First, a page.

Jon Crispin's Notebook

Willard Suitcases / Names

Posted in Asylums, History, institutionalization, Mental Health, patient's names, psych centers by joncrispin on 05/10/2015

 I am especially taken by the labels that we find in the suitcases.  These small bits of paper and string give us quite a bit of information about the patient as they were brought to Willard.  In this case, W (we only have an initial) S (not allowed to use her surname) came to the institution on 16 November 1938.  This is a rare case where the label is ripped, but even so, I have had to obscure part of her name.

I am aware that there is an active debate about this, but I come down firmly on the side that would have me able to include the patient’s full names with their possessions.  The reason I am forbidden from naming patients has to do with specific New York State law about the privacy of people who were wards of the state.  This law supersedes even the Federal HIIPA regulations, which state that 50 years after death, records are available to the public. In fact, many other states use full names in talking about former patients at asylums and psychiatric centers.  I won’t go into all the reasons why I feel it is respectful to name the suitcase owners, as I am not so good at putting this kind of argument in writing.  But someone contacted me last week who is really good at it.

Here is a link to a post on her site.  I am grateful for all the nice things she said about me, but I am especially pleased that she was able to put into words something that I think about often; which is how to show respect to people who at one time in their lives were patients at Willard.  So Nelly, thank you so much for your openness about your own situation and the clarity with which you expressed your feelings.  I really appreciate it.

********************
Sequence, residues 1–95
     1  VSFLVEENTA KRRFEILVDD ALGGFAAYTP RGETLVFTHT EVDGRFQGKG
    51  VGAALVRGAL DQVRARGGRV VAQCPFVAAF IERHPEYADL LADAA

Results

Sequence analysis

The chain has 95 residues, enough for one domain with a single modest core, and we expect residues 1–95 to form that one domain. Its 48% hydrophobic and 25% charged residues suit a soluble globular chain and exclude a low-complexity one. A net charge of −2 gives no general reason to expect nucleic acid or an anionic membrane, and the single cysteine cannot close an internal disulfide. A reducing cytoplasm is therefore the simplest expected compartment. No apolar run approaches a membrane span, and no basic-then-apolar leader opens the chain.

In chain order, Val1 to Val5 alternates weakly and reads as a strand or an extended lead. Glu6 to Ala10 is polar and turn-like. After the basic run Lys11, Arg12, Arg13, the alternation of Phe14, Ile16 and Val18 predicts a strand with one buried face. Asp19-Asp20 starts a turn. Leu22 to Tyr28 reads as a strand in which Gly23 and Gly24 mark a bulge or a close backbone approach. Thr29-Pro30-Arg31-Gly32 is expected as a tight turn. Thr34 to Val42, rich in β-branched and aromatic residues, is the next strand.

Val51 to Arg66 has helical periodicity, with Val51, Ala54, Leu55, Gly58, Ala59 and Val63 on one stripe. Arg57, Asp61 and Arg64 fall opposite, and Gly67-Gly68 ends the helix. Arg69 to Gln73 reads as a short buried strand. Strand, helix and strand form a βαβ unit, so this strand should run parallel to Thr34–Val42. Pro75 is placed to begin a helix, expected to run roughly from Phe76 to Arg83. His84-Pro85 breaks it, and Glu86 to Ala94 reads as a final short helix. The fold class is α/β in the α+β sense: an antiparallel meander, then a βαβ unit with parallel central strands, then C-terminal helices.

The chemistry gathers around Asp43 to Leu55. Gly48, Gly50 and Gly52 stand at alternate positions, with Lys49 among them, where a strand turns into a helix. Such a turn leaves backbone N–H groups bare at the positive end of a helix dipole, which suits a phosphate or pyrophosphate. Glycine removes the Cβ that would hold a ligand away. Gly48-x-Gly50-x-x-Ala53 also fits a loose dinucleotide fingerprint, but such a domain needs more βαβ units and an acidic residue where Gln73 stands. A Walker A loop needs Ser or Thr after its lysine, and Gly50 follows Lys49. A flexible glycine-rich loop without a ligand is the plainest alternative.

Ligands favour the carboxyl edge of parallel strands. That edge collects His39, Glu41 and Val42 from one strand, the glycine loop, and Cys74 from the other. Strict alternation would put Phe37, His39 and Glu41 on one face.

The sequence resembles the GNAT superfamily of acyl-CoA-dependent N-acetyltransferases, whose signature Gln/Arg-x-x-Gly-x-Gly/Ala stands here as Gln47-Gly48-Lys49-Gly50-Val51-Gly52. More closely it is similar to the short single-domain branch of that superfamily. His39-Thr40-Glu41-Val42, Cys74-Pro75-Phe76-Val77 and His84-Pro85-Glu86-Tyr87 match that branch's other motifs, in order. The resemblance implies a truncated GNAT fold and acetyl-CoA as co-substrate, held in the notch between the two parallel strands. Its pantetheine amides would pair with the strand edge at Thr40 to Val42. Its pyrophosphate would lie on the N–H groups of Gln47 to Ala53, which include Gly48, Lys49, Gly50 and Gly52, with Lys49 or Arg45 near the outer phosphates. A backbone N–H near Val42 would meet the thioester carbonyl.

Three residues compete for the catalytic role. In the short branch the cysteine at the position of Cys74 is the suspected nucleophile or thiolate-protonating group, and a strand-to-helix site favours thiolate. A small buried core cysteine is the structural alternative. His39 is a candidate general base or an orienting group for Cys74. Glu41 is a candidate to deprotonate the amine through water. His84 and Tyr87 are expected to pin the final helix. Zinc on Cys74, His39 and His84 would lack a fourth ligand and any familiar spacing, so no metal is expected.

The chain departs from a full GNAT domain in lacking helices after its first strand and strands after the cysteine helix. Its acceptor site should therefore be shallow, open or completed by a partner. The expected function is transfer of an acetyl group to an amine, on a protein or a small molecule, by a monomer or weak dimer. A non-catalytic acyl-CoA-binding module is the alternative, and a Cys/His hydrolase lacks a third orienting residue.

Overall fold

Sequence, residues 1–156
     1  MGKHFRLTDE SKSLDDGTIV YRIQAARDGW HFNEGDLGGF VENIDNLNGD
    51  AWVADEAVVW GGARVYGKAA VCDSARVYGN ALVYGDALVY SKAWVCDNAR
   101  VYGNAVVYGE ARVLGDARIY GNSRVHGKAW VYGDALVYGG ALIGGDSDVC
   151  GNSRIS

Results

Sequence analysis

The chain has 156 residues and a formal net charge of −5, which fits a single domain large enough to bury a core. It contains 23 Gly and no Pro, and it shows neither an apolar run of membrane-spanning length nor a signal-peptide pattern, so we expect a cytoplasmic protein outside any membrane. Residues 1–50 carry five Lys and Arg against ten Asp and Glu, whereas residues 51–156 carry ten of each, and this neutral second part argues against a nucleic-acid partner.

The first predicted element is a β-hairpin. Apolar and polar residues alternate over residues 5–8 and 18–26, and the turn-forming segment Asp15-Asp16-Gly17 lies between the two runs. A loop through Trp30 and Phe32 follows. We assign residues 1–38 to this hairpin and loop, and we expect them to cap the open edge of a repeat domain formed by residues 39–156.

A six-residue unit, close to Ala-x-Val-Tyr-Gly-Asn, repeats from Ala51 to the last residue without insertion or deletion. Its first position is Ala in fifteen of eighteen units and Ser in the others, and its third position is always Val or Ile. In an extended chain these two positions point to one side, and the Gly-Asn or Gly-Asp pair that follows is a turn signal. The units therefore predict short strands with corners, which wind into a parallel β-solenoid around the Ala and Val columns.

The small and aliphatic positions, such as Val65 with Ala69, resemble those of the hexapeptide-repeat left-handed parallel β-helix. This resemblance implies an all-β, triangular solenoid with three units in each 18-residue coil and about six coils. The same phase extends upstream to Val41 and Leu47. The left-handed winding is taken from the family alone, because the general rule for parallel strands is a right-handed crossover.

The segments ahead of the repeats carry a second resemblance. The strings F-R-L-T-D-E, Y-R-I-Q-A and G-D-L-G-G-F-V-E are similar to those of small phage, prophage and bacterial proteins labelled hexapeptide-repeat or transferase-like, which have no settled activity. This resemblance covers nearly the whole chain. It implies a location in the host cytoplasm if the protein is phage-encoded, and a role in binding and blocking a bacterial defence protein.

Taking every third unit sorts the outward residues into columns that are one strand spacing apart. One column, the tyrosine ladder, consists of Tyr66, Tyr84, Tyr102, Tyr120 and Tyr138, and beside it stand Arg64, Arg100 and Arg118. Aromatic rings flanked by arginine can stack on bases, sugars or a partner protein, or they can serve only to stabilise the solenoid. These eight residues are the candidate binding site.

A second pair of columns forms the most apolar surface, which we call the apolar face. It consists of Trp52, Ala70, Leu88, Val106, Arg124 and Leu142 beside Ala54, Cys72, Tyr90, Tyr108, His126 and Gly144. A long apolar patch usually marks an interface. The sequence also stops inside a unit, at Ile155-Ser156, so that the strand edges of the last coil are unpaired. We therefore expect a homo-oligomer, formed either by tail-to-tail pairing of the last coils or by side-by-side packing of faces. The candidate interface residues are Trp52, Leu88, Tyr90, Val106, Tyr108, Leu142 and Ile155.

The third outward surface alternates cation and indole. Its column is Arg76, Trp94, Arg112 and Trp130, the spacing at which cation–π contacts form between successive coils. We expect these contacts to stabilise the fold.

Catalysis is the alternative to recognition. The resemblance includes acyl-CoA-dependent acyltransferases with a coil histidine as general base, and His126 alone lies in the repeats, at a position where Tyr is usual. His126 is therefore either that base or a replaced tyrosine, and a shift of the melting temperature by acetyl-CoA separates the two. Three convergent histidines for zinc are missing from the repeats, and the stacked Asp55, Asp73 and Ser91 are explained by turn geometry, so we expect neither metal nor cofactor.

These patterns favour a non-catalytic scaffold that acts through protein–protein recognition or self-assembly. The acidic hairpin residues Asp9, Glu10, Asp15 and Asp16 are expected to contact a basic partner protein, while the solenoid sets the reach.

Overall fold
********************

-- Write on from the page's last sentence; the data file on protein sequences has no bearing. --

4 Responses

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  1. marketing4introverts said, on 05/10/2015 at 11:57 am

    Nelly does not allow comments on her blog but perhaps she will find my comment here. “Nelly, your blog is remarkably eloquent on the rights of the institutionalized to not have their names and their memories wiped clean and forgotten. I have been following Jon’s blog on the willard suitcase project for quite some time, and I stand with you both in your feelings about giving the suitcase owners back their names. Regardless of any afterlife, WE the living need to know the mentally ill are people. Dhyan.

    • Nelly Neurotic said, on 06/10/2015 at 1:22 pm

      Marketing4introverts, I did not realize my blog was set up to not accept comments. I have changed that now. I do have moderation on so your comments do not show up immediately. This prevents spam and such. I welcome you to leave a comment if you would like to. 🙂 Thank you for your kind words and I totally agree about the former patience of Willard having their rights back even in death. They deserve better than to simply be remembered as numbers. That is why I love Jon’s work so much. He shows these people as the remarkable human beings that they were. Thank you so much for your support.

  2. David said, on 05/10/2015 at 3:24 pm

    Until the New York laws are changed and they have names, your photos give them personality, history, character, family connections, and hobbies. Thanks Jon!

  3. Tania M said, on 08/10/2015 at 8:06 am

    I am thankful that your work shows these nameless people as who they were. I too agree their names should be public, it makes them less of a number and more of a real person. Thank you Jon, I have been following this blog for quite some time.

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